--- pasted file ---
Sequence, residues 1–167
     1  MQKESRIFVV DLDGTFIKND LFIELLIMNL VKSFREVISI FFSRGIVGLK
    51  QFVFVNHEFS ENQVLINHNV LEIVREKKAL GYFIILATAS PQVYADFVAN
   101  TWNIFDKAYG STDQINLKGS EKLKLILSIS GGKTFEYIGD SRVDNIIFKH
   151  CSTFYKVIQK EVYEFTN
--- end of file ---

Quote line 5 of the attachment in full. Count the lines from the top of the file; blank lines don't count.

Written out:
   151  CSTFYKVIQK EVYEFTN